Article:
From Scientific American:
Women who apply for tenure-track positions at top-tier research universities in math and sciences these days have a slightly better chance of landing the job than their male colleagues, says a new study funded by the National Science Foundation. But that's just for those who apply, which is a good tick lower than those who earn PhDs. In chemistry, for example, women made up 32 percent of newly minted PhDs from 1999 to 2003 but accounted for only 18 percent of applicants to tenure-track positions. The recent report, commissioned by Congress, surveyed 89 institutions and examined PhD and faculty gender distribution in biology, chemistry, civil engineering, electrical engineering, math and physics.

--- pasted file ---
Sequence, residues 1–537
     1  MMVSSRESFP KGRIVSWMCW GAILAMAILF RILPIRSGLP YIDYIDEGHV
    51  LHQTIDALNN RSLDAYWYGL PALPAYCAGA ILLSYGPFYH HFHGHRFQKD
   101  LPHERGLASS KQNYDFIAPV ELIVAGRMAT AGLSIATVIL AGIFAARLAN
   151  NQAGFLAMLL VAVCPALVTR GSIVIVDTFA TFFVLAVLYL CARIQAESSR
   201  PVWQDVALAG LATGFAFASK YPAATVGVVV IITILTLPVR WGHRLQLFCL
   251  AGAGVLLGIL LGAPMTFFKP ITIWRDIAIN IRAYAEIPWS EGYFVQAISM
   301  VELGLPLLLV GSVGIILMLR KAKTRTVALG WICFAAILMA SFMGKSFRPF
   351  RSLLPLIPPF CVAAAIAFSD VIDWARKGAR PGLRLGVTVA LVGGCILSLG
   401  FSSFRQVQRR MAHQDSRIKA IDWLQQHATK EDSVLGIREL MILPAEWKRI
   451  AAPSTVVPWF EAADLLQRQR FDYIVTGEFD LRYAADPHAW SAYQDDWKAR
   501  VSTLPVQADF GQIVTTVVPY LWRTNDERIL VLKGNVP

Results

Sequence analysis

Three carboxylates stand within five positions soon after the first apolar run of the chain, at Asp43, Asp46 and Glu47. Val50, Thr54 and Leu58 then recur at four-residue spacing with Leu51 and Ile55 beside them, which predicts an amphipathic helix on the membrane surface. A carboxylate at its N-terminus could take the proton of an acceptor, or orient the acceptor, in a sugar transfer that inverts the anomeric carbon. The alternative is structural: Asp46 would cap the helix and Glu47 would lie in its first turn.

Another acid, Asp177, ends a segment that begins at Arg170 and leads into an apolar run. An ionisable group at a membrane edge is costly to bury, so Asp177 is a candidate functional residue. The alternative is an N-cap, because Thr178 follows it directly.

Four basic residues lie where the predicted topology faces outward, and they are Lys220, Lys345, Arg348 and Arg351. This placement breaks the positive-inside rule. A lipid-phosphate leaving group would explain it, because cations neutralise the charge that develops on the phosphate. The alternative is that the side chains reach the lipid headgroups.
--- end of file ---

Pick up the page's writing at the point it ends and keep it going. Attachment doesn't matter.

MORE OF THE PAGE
Despite being a minority of math and science faculty overall, the number of women in the academic ranks is on the rise. For example, in 1995, women made up 18.7 percent of assistant math professors and 7.6 percent of the full professors. By 2003, those numbers had increased modestly to 26.5 percent of assistant math professors and 9.7 percent of full professors.
The results also revealed that tenured female professors earned about 8 percent less than male colleagues. “There are still big problems facing women in the science, technology and engineering fields,” says Phoebe Leboy, president of the Association for Women in Science (AWIS) and a biochemistry professor emerita at the University of Pennsylvania. Many women get a close look at the academic prospects ahead and say, “This job is not designed for me,” Leboy says.
So what are they doing instead?